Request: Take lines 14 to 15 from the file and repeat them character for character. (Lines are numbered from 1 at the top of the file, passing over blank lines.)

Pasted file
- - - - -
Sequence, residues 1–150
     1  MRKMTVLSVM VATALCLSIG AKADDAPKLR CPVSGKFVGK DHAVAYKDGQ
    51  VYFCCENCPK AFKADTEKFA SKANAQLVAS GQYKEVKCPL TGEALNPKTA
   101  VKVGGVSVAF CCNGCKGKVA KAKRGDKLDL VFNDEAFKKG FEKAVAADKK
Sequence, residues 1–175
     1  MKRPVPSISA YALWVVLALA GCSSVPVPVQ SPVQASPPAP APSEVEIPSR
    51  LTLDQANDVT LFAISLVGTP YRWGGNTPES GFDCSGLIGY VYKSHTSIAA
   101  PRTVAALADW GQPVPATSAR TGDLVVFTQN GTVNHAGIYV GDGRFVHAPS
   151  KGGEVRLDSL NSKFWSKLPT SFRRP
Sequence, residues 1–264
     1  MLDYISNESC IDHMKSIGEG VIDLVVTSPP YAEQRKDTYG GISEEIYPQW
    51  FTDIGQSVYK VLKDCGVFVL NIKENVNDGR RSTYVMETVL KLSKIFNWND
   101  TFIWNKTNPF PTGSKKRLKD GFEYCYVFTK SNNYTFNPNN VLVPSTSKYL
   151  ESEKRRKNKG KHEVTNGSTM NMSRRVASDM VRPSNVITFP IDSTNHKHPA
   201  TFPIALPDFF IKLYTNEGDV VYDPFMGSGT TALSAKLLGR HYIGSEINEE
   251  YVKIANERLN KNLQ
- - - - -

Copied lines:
   151  ESEKRRKNKG KHEVTNGSTM NMSRRVASDM VRPSNVITFP IDSTNHKHPA
   201  TFPIALPDFF IKLYTNEGDV VYDPFMGSGT TALSAKLLGR HYIGSEINEE